A Brief About Quora
Recently, I’ve been spending a bit of time scouring Quora.com, a Wikipedia-like Q&A website edited and organized by its community of users. It is a repository of user generated questions and answers to almost any topic imaginable. Amateurs (such as myself) and experts or celebrities (such as Jimmy Wales or Ashton Kutcher) contribute to codifying and spreading knowledge. A random selection of topics and example questions include:
- Life Advice: How do I get over my bad habit of procrastinating?
- Celebrities: Who is the most down-to-earth celebrity?
- Myrmecology: Can ants sense death?
- Computer Science: Can data storage ever reach an absolute limit?
It’s a fast and easy way to get introduced to a variety of new topics – a more efficient wiki surfing of sorts.
The Paradox Of Choice
I wanted to share on here an answer I recently wrote to the following question: What is the most awesome psychological fact(s) you know of?
The paradox of choice – which I believe is both the blessing and the bane of our generation (Gen Y). To put it simply, the paradox of choice states that the more choices one is given when making a decision, the less happy they tend to be about the decision they make (even if the selection is objectively better). This is driven by many factors, namely:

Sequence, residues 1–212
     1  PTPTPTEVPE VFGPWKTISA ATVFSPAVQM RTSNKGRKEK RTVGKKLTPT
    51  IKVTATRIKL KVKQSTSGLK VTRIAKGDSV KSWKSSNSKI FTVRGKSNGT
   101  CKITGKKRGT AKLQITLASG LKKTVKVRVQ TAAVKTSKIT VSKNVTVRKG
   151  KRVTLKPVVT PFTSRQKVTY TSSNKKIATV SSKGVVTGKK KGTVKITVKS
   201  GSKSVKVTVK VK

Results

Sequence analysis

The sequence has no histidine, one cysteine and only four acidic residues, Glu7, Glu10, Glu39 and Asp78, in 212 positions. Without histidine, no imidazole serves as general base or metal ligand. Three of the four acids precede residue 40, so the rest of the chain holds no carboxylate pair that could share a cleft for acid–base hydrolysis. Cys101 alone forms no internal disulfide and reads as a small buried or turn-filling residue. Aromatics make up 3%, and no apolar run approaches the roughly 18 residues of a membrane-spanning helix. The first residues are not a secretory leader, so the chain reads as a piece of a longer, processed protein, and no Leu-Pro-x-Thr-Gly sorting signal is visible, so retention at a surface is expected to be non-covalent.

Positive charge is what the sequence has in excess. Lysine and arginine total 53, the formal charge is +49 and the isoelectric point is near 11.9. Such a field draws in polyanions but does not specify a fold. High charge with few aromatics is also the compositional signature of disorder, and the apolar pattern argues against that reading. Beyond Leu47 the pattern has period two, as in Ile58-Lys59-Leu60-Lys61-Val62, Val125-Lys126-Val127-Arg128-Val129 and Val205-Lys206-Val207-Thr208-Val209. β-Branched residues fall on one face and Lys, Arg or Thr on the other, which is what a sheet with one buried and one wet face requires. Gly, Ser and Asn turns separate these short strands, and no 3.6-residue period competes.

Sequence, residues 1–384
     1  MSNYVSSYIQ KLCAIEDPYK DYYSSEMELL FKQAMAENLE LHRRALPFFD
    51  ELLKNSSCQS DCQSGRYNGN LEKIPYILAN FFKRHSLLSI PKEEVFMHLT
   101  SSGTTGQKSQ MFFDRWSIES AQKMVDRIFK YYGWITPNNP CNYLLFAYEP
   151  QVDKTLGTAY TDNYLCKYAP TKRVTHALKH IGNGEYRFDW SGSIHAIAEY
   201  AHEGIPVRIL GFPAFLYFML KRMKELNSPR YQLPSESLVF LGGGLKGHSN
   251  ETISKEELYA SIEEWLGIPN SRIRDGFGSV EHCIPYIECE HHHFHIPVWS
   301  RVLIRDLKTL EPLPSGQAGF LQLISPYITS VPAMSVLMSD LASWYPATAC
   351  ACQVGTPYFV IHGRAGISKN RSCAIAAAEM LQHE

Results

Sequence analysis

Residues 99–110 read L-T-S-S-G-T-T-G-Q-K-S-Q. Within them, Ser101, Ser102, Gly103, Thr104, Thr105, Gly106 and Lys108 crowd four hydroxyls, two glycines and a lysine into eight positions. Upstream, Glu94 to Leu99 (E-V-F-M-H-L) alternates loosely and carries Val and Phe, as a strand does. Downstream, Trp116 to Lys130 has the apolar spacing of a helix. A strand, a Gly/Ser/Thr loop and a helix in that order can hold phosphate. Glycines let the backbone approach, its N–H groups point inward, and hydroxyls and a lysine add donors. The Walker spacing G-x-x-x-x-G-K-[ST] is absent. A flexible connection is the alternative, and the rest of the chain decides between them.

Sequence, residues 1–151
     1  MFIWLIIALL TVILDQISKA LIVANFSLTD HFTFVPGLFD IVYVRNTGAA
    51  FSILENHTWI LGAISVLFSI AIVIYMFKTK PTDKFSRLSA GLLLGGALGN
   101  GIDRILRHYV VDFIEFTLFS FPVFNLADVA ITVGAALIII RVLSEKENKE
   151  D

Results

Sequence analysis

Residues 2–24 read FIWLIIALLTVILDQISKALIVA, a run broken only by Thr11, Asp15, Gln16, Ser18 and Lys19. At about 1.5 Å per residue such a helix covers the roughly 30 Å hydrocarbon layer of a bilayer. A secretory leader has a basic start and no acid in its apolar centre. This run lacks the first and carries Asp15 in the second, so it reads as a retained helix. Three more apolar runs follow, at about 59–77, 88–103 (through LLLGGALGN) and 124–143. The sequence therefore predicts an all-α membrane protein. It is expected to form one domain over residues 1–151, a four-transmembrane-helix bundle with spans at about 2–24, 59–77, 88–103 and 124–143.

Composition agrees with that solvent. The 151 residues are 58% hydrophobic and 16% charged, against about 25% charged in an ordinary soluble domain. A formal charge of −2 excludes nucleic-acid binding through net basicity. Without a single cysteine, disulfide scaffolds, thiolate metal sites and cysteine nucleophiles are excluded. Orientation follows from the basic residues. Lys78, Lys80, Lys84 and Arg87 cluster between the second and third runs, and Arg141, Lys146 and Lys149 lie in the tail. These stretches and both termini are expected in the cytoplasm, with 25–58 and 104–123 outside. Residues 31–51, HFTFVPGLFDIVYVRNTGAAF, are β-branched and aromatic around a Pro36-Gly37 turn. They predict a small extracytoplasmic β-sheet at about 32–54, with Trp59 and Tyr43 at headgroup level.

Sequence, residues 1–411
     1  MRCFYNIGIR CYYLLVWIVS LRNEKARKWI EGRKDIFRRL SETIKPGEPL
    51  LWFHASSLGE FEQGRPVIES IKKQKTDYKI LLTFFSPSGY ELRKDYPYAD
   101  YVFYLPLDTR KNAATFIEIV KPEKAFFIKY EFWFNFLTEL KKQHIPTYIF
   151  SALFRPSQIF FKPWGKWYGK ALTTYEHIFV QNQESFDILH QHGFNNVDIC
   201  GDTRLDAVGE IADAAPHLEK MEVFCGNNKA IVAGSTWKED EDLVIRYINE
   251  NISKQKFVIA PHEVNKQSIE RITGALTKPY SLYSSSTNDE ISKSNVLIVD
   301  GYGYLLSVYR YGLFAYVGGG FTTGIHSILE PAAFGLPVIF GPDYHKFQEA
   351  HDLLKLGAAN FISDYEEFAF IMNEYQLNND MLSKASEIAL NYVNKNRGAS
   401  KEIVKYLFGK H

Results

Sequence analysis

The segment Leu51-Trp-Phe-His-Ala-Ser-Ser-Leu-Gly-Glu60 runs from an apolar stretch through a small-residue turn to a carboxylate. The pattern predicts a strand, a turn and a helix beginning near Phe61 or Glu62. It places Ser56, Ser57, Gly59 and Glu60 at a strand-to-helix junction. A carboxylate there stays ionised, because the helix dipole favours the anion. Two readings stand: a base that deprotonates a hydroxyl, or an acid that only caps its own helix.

- Additional effort and psychological stress associated with evaluating multiple options
- Increased opportunity cost a.k.a “the grass is greener on the side” syndrome (the way in which we value things depends on what we compare them to. It’s thus easier to imagine the attractive features of rejected options, the features we did NOT choose)
- Greater “buyer’s remorse” (with so many alternatives, it’s easier to imagine how another choice would have been better)
- Increased expectations from options (“with 87 options I have to find the perfect option for me”)
- Finally, we are more likely to blame ourselves when our choices don’t meet our expectations (“I had all these options, it’s obviously my fault, I should have picked better” vs. “I was only presented with 2 options, not enough to make the right decision”)
Increasingly these days, youth (among other age groups) is presented with an overwhelming selection of options whether for small less significant decisions (e.g., 87 types of toothpastes) or for more significant decisions (e.g., university degrees, career paths). I believe the paradox of choice is one of the underlying reasons why so many of us (including myself) are increasingly indecisive and anxious about these so called “life decisions”. But that’s a different topic…
Whether or not we understand the paradox of choice and its impact, come decision time, we often intuitively remain convinced that more options must be better. Why would I want to limit my options to a small subset, when I can look at every option and then make the best decision? An objectively better option does not necessarily lead to improved satisfaction and contentment.
The mind is a funny thing.